Gardening in Reno, Nevada


 The Sierra Nevada mountain range casts its shadow over Reno, Nevada, blocking rainfall from reaching this cold, elevated climate. To garden here is often a gamble, but it doesn’t have to be. By taking a few extra steps, the home garden can be wonderfully productive.

Reno has a short growing season, only about 135 days. Those who wish to plant a fall garden must act fast – in July and August. In July, Broccoli, Brussels sprouts, cabbage, cauliflower, kale, and kohlrabi should be started indoors. Seedlings can be moved outdoors in early August. If you haven’t started seeds, purchase seedling plants from your local nursery. Sow seeds of lettuce, parsley, and spinach directly in garden beds in late July through mid-August.

Click here to learn more about planting a Raised Bed Garden.

Vegetable Garden Design

In northern Reno, soils are sandy, acidic, and rocky. In the flood plains of southern Reno, soils are heavy in clay. Even with significant additions of organic matter – 6″-12″ per season – it can take years to develop good garden soil. Gardeners in this area have the greatest success using raised bed gardening. Raised beds allow you to grow in rich organic garden soil, provide good drainage, prevent soil compaction, and keep weeds at bay. Deeply rooted plants will extend their roots beyond the garden soil, breaking up compacted soils, further improving the garden beds. Most important, however, are higher yields for your gardening efforts.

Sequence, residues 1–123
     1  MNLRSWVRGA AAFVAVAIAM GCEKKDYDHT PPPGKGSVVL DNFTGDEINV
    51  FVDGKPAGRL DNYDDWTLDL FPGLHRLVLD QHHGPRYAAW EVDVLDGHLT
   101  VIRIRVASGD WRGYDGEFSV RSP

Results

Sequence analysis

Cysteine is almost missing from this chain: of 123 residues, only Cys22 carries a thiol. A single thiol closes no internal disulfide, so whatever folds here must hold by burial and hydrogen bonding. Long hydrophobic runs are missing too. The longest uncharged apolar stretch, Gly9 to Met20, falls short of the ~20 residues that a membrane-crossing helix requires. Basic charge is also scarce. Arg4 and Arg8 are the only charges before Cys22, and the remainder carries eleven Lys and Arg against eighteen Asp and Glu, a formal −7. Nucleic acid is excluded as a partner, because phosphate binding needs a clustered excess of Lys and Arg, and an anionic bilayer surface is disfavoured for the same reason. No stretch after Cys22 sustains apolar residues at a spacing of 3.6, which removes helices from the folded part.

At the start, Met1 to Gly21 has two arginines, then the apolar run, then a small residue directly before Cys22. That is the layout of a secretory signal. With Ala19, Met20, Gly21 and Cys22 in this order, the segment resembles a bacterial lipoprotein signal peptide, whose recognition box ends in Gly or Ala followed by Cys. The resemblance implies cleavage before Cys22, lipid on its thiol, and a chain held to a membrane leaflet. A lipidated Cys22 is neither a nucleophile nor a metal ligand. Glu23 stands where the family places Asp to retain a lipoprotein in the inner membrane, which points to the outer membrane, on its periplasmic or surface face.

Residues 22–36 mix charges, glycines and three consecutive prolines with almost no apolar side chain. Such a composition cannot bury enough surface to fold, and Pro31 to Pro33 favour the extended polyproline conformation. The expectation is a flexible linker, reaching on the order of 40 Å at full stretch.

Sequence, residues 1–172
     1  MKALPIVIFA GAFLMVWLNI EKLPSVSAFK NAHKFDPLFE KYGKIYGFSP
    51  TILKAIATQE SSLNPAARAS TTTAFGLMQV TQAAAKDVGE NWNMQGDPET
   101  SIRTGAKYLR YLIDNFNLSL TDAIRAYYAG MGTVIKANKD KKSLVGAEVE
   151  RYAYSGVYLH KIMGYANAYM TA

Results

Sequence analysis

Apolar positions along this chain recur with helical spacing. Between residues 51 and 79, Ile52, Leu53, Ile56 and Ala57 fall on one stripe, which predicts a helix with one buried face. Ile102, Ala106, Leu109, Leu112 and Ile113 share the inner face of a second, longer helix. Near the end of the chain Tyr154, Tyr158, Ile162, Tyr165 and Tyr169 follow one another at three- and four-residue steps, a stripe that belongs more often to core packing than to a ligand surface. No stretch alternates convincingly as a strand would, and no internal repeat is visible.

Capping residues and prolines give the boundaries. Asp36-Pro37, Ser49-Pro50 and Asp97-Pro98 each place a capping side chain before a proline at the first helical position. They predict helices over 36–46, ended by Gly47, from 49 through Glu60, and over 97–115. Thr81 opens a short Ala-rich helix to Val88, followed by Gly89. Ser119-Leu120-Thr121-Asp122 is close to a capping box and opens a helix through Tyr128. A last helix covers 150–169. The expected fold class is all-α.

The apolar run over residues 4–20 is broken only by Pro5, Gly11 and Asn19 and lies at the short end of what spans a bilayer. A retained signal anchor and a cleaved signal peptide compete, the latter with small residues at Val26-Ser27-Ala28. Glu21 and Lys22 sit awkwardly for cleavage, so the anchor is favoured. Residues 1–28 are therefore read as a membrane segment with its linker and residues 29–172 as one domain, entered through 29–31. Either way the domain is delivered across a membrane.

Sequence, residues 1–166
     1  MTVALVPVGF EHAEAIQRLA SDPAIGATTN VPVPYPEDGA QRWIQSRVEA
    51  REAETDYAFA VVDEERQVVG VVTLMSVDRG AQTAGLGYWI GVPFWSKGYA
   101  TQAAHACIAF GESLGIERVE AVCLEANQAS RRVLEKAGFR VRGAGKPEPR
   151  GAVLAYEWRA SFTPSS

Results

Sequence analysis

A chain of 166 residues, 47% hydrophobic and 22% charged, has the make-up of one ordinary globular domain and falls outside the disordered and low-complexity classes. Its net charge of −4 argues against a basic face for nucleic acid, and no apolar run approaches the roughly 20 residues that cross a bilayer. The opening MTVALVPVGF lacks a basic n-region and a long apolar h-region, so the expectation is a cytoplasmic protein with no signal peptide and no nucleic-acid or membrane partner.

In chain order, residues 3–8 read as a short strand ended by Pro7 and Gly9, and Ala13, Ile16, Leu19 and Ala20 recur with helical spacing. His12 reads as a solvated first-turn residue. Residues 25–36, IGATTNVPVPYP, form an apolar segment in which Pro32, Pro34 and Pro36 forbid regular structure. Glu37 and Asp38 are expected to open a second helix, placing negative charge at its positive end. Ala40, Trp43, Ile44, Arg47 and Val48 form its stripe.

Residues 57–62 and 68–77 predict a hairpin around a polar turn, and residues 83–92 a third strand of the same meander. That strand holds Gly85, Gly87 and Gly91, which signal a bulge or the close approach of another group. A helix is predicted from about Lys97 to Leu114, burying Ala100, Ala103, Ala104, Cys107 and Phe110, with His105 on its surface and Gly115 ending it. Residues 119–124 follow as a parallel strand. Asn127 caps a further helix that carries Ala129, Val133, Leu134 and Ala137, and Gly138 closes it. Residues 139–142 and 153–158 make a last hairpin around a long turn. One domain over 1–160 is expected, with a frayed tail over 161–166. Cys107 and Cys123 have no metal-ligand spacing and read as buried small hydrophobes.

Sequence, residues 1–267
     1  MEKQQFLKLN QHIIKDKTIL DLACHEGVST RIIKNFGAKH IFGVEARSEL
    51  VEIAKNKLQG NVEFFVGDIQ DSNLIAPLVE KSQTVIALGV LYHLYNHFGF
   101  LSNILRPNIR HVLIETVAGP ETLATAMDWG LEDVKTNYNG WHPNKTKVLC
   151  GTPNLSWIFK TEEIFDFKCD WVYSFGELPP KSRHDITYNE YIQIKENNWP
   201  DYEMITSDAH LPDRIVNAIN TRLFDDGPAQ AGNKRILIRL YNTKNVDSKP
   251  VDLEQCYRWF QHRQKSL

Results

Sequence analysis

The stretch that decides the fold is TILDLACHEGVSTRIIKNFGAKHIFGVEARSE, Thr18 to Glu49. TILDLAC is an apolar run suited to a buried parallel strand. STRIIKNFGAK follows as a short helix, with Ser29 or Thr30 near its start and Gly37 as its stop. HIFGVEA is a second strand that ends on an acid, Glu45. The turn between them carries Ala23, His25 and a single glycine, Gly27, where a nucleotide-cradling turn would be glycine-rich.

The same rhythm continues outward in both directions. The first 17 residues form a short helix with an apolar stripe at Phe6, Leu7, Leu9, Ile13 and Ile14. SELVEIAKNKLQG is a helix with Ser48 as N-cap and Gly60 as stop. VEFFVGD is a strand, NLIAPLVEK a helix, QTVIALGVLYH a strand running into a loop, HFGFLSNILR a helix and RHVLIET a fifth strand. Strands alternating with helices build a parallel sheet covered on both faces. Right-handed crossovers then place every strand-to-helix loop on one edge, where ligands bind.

If you are interested in planting a raised bed garden, here are some plants and products we recommend: Kellogg Garden Organics Raised Bed & Potting Mix

Fall vegetables need consistent moisture; something nature does not provide in Reno. Drip irrigation and soaker hoses supply water very slowly and consistently, saving money on the water bill and keeping your plants happy. Mulch retains moisture, moderates soil temperature and helps keep down any weeds.

The first winter frost of the season can be as early as late September, making frost protection for your crops a must. Low hoop tunnels, built with lengths of pipe bent into a half circle and secured, are a fast, inexpensive way to extend the harvest. Cover with a lightweight row cover or plastic. If using plastic, be sure that it does not come into contact with the foliage. Cold damage may result.



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